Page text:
Country Meets Weimar Cabaret in Blue Flower, Musical Tale of Artists and Lovers, Opening Nov. 9

News   Country Meets Weimar Cabaret in Blue Flower, Musical Tale of Artists and Lovers, Opening Nov. 9
The Blue Flower, the new image-and-movement-rich musical about artists and thinkers in the first part of the 20th century, opens Off-Broadway Nov. 9 following previews that began Oct. 14 at Off-Broadway's Second Stage Theatre. Marc Kudisch is the haunted painter/collage maker in the middle of the swirl of action about the beginning of the modern world.

Sebastian Arcelus
Sebastian Arcelus Photo by Ari Mintz

Written by Jim Bauer and Ruth Bauer, with choreography by Chase Brock and direction by Will Pomerantz, the multimedia show plays Second Stage's home on West 43rd Street. Pomerantz directed the work when it was seen at American Repertory Theater in Cambridge, MA, in 2010. The piece was previously presented in a developmental run by the Prospect Theatre Company in New York in 2008.

"Spanning two continents and half a century, The Blue Flower explores the romantic and tumultuous relationships between four young friends — three artists and a scientist — as they create a world of art, revolution, and passion amidst the turbulence and destruction of the World Wars," according to Second Stage.

The earlier A.R.T. production was described at the time as a fusion of Weimar cabaret and country-western music inspired by the historical figures Max Beckmann, Franz Marc, Hannah Hoech and Marie Curie. 

The full cast at Second Stage includes Sebastian Arcelus (Elf, Wicked, Jersey Boys, Happiness) as Franz, Kudisch (a three-time Tony Award nominee for 9 to 5, Chitty Chitty Bang Bang, Thoroughly Modern Millie) as Max, Meghan McGeary (The Blue Flower at A.R.T.) as Hannah, Joseph Medeiros (Irving Berlin's White Christmas), Julia Osborne (national tour of South Pacific), Graham Rowat (Guys and Dolls, LoveMusik, Beauty and the Beast, Barrington's The Game) as the mysterious Mr. O, Aaron Serotsky (August: Osage County) and Teal Wicks (Elphaba in Wicked) as "Maria."

Read the recent Playbill magazine feature about The Blue Flower. In it, Ruth Bauer said, "We're really inspired by the golden age of German Expressionistic film and silent film." Any aspect of the theatrical experience can be used to telegraph the story to the audience, the Bauers said. "For us, 'writing' might be thinking about what image could communicate the emotions of the piece, or whether the music should carry the story here," according to Ruth.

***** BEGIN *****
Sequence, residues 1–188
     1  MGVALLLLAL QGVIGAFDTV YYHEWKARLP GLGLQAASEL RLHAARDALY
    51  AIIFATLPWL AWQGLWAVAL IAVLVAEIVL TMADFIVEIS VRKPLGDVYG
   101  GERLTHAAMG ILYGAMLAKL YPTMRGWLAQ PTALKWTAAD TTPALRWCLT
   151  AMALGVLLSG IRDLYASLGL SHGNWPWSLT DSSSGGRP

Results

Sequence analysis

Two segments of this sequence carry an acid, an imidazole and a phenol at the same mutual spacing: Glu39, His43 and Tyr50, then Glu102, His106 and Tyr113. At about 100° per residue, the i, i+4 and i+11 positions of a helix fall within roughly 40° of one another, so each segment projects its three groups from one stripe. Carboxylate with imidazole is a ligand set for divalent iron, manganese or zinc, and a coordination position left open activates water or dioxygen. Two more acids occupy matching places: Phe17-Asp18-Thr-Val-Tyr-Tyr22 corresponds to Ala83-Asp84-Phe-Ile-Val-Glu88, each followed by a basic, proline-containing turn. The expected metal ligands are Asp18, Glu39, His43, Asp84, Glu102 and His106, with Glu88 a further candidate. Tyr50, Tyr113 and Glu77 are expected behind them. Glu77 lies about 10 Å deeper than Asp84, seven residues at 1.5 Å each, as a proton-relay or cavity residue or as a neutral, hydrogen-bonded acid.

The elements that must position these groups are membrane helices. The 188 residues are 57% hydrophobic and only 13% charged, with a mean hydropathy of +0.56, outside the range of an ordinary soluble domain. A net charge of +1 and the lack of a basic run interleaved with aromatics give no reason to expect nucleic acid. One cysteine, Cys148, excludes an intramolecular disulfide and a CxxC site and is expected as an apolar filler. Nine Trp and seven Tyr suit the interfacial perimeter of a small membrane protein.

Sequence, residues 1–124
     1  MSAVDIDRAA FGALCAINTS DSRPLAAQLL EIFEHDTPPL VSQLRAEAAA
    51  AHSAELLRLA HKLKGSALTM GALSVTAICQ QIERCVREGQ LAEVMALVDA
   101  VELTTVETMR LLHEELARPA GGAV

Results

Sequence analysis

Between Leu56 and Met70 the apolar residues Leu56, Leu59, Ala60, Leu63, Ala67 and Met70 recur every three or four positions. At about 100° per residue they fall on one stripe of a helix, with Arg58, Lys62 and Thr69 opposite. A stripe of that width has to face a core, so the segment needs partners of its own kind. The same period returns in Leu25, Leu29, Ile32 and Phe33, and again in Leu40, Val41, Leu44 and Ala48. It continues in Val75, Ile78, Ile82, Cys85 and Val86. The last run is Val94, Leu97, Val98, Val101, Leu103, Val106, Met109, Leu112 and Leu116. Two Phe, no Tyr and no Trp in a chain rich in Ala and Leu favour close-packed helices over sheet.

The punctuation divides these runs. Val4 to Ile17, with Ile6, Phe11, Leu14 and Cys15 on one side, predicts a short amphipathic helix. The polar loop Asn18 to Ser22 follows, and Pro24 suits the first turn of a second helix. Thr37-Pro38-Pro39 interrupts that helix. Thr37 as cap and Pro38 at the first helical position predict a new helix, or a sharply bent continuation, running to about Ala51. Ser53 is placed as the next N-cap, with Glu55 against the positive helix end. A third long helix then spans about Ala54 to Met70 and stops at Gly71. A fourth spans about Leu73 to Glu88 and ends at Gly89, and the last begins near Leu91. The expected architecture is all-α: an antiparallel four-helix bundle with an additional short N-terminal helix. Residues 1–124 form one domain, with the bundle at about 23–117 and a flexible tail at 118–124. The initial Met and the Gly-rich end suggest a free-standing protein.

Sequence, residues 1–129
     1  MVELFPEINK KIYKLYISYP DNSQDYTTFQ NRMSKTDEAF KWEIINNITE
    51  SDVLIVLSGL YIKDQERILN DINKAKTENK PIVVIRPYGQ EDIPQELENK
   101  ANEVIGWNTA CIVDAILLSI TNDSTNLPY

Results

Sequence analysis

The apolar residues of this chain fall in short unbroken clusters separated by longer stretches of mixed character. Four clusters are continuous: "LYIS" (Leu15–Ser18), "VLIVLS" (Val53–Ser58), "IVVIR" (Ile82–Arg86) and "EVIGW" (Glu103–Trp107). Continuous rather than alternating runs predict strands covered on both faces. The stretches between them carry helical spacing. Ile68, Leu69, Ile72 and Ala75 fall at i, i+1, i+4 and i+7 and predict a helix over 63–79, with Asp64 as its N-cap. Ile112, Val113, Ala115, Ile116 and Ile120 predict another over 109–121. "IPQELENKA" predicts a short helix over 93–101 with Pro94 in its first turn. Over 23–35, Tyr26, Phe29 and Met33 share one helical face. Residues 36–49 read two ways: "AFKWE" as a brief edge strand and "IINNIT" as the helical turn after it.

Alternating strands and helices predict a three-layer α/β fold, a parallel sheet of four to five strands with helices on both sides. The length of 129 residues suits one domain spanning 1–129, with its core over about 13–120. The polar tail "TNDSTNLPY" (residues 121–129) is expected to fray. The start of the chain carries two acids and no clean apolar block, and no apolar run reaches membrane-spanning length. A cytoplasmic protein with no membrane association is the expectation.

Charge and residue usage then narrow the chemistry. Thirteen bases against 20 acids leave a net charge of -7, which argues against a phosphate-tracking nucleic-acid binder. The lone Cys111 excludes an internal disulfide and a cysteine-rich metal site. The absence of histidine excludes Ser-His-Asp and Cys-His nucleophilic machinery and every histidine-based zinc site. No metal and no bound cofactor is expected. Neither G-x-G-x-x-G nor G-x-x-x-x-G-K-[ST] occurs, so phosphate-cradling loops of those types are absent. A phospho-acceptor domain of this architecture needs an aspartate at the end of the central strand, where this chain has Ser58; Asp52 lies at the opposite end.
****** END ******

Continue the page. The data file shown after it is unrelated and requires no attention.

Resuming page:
Teal Wicks
photo by Ari Mintz

The project began in 1999 when Jim Bauer's exploration of the music of Germany's Weimar Era coincided with his interest in country music.

The Blue Flower features scenic design by Beowulf Boritt (who created a wood-scaffold affair that suggests the very bones and construction of the modern era); costume design by Ann Hould-Ward; lighting design by Donald Holder; sound design by Dan Moses Schreier; and projection design/film supervision by Aaron Rhyne. The musical director is Dominick Amendum. Orchestrations are by Jim Bauer. Films are by Jim Bauer and Ruth Bauer. Writer/composer/lyricist Jim Bauer earned a Bachelor's degree in music composition and theory at Haverford College, where he was mentored by composers Harold Boatrite and John Davison. He has composed and produced music scores for film and television while performing as singer/songwriter/guitarist/keyboardist in a variety of bands he periodically assembles. With his collaboration called Dagmar, his current project with singing partner Meghan McGeary, he performs in the New York City subways under the Music Under New York (MUNY) banner and on the streets of Boston and Cambridge. Dagmar recently released its third CD, "Door No. 3." He received the Jonathan Larson Performing Arts Foundation Award in 2004, with his wife Ruth Bauer, for their work on The Blue Flower.

Co-writer/visual artist/videographer Ruth Bauer is a graduate of the Rhode Island School of Design. Her oil paintings, watercolors, collages and monotypes have been shown in group exhibits in museums including Boston's Museum of Fine Arts, The Hudson River Museum, The Tuscon Museum of Art, The DeCordova Museum, The Brockton Museum and the Rose Art Museum, and in solo exhibitions in galleries across the United States. Her work is included in notable private and public collections.

The limited engagement plays to Nov. 27 on the following schedule: Tuesday at 7 PM, Wednesday-Saturday at 8 PM, Wednesday and Saturday at 2 PM and Sunday at 3 PM.

For tickets or more information, visit

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